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Michigan Credit Union League Home » CU Community » SAS Credit Unions » Marketing » Newsletter Help » Financial Health  

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ROTH IRA: IT'S THE REAL DEAL
Lori Bahnmueller
Michigan Credit Union Leauge - Your Money Matters

SOUTHFIELD, Mich., November, 1998 — Tax free income? While it sounds too good to be true, the Roth individual retirement account (IRA), which became available in 1998, will be a blessing to many American's retirement savings.

People of all ages can benefit from a Roth IRA and add a powerful boost to their retirement nest eggs, reports Everybody's Money.

"It is a tremendous opportunity," says Dave Weinbach, PlanAmerica representative at State Capitol Credit Union in Madison, Wisconsin. "It has the potential to be the best source of tax-free income during retirement. It's a tremendous retirement income supplement."

Rules of the Roth
Unlike a traditional IRA, Roth IRA contributions never are tax-deductible. Instead, you pay taxes on your money before you put it into your Roth IRA. But you may avoid owing income taxes on the funds at withdrawal. With a traditional IRA, often you don't pay taxes on your money when you make your contribution, but you do pay when you take a distribution.

If you can't deduct traditional IRA contributions, you always will benefit from making Roth contributions instead. The ability to withdraw both contributions and earnings tax-free in retirement always will result in more money to spend than making the same nondeductible contribution to a traditional IRA.

Even if you can deduct traditional IRA contributions, you usually benefit from making Roth contributions instead. A $2,000 Roth contribution usually will result in more money to spend in retirement than making a $2,000 traditional IRA contribution that you can deduct. This is true as long as your highest income tax bracket during retirement is the same or higher than it is now.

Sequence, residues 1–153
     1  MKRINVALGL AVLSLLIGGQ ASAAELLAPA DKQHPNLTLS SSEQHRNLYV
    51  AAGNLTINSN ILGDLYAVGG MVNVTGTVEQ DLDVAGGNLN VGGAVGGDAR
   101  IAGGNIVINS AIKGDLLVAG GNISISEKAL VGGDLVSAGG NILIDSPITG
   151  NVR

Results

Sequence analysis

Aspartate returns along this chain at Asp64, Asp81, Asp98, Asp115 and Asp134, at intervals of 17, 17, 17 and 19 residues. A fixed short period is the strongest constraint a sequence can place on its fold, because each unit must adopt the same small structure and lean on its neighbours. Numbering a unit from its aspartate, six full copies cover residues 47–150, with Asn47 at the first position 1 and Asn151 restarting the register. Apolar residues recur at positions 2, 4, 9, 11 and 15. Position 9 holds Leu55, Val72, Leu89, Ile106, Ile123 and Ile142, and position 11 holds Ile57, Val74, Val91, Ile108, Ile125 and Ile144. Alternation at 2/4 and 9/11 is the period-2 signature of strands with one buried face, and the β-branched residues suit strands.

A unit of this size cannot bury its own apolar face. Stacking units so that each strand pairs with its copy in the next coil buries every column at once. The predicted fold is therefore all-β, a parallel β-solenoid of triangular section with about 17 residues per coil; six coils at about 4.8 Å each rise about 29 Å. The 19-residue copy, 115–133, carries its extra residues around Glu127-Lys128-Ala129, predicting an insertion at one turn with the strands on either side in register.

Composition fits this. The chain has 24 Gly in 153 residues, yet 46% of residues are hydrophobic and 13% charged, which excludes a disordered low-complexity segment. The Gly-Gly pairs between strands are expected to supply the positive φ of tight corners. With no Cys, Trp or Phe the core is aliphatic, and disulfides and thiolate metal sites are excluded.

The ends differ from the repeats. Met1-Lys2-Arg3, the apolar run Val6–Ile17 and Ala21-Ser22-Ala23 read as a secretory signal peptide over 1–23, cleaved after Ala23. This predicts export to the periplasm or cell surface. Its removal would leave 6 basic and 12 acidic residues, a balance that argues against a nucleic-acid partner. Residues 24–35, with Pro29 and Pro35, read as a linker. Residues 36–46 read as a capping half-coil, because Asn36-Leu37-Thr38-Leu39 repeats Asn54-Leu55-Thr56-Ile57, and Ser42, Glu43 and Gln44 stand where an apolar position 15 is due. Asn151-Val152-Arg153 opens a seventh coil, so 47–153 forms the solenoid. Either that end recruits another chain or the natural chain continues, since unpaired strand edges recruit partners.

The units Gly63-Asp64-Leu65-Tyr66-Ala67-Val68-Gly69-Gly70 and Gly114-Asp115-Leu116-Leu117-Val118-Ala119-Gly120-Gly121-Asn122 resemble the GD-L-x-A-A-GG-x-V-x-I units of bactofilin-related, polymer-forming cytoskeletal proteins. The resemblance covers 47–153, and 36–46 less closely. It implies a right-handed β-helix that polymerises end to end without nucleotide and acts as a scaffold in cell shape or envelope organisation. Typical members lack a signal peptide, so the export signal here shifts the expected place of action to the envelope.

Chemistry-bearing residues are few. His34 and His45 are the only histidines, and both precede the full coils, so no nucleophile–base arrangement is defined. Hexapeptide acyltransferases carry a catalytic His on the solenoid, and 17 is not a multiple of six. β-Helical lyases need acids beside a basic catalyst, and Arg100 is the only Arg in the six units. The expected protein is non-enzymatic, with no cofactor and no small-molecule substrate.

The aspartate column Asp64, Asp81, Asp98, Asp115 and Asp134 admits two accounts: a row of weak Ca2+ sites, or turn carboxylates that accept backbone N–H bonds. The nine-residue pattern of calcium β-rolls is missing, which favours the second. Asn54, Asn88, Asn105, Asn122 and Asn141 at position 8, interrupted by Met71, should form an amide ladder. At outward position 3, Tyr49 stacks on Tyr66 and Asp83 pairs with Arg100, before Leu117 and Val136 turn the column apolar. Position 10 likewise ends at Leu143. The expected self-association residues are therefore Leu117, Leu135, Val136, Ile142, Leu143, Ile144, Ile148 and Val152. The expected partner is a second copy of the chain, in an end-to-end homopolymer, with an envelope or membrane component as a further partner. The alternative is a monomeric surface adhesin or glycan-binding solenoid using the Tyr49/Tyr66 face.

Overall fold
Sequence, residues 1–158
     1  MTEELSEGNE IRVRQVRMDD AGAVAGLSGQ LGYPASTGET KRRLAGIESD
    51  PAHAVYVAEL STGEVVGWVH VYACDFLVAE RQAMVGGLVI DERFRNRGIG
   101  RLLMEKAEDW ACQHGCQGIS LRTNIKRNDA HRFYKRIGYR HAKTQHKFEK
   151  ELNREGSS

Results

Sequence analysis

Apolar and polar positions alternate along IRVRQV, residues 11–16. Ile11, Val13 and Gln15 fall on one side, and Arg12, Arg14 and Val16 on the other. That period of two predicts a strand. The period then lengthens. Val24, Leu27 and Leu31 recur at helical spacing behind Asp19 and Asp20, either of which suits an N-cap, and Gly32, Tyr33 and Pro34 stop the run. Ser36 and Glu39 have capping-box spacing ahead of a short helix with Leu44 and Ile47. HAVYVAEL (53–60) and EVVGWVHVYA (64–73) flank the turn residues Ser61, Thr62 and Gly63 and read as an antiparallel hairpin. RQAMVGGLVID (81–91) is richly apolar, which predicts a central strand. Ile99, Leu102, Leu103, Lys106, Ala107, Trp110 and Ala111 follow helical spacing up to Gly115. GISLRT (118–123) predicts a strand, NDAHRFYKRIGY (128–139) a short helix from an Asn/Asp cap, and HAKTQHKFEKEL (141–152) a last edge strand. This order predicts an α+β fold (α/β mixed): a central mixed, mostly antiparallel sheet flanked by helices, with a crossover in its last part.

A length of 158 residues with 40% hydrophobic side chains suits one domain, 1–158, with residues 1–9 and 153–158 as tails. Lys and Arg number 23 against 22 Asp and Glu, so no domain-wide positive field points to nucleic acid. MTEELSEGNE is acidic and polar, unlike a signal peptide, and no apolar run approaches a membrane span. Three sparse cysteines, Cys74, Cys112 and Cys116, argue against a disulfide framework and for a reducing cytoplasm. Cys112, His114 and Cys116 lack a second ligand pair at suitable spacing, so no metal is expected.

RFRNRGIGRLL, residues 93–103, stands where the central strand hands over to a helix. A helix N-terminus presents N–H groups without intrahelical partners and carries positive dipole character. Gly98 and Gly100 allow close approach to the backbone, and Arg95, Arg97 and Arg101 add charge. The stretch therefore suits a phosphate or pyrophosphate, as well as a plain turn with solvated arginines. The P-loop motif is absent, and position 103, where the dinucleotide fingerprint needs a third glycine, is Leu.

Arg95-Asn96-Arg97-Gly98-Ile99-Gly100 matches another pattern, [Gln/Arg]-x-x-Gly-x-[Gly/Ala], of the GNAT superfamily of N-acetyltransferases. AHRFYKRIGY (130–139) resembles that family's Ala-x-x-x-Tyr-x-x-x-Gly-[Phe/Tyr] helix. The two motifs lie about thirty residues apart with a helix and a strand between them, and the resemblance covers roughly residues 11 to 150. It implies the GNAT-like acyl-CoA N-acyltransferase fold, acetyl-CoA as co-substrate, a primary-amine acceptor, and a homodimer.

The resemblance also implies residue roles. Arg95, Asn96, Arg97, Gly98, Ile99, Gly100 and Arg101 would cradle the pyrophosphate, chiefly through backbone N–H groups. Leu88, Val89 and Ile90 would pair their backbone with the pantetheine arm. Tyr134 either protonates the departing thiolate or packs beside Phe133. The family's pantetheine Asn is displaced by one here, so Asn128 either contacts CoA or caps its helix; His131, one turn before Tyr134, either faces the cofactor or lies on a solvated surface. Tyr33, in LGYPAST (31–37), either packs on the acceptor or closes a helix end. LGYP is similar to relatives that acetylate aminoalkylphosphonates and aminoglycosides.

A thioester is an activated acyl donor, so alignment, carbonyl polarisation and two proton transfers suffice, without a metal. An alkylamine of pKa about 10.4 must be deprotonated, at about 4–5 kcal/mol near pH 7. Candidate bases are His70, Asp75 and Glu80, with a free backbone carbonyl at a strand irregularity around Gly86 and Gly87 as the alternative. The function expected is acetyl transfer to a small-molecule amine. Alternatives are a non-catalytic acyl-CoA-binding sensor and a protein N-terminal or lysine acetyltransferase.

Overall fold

The Roth IRA also allows you to withdraw funds tax-free before retirement under certain conditions. If your funds have been in your account for at least five years you can withdraw tax-free once you reach age 59 1/2, or buy a first-time home, or if you become disabled. Your benefactors are also to withdraw funds tax-free in the event of your death.

While the maximum contribution is $2,000 per person, the same as a traditional IRA, the tax-free compounding growth is extremely powerful, Weinbach indicates.

Who is Eligible?
Joint filer's modified adjusted gross income can be up to $160,000 and single filers modified adjusted gross income can be up to $110,000. Even if you participate in a retirement plan at work, you still may contribute to a Roth IRA. And, it doesn't matter what age you are — as long as you have earned income you can continue to contribute.

Generation Xers
If you're just starting out, the Roth IRA might be for you. You're focused on your future, which may include a career, a family, and a house to call home. As others will tell you, the older you get the faster time flies. Retirement is not something to think about later. A Roth IRA may be the perfect place to start.

The younger you are, the more opportunity you have to take advantage of compounding, tax-free growth of your funds. By saving now, you'll need to put away less later.

Boomers
With your busy lifestyle, you might have put off retirement planning. Perhaps you took advantage of available tax deductions on contributions in the `80s and stopped when the rules changed. Either way, you're probably eligible for a Roth IRA, and it might be just what you need to maximize growth of your IRA funds.

Matures
Ahh, retirement. The light at the end of the tunnel is finally visible and you have plans. Maybe they include a little bungalow on a sunny beach or a passport to destinations afar. Your children may also have plans to make you a grandparent. Whatever your future holds, the Roth IRA probably can help you make the most of your nest egg.

To Convert or Not to Convert
If you decide to convert your traditional IRA to a Roth IRA, your conversion contribution is considered income and is subject to income tax in the year in which you make your conversion.

However, if you convert your IRA before Jan. 1, 1999, you'll have the option to spread the income equally over a four-year period, and spread the tax burden as well. Contact your tax adviser to see if a conversion would be beneficial to you.

 
   
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